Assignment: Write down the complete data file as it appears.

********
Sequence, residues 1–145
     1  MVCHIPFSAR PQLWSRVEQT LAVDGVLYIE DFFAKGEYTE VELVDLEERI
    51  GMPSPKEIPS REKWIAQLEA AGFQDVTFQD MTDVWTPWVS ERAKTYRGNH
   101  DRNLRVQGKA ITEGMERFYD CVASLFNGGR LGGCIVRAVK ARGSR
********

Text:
Sequence, residues 1–145
     1  MVCHIPFSAR PQLWSRVEQT LAVDGVLYIE DFFAKGEYTE VELVDLEERI
    51  GMPSPKEIPS REKWIAQLEA AGFQDVTFQD MTDVWTPWVS ERAKTYRGNH
   101  DRNLRVQGKA ITEGMERFYD CVASLFNGGR LGGCIVRAVK ARGSR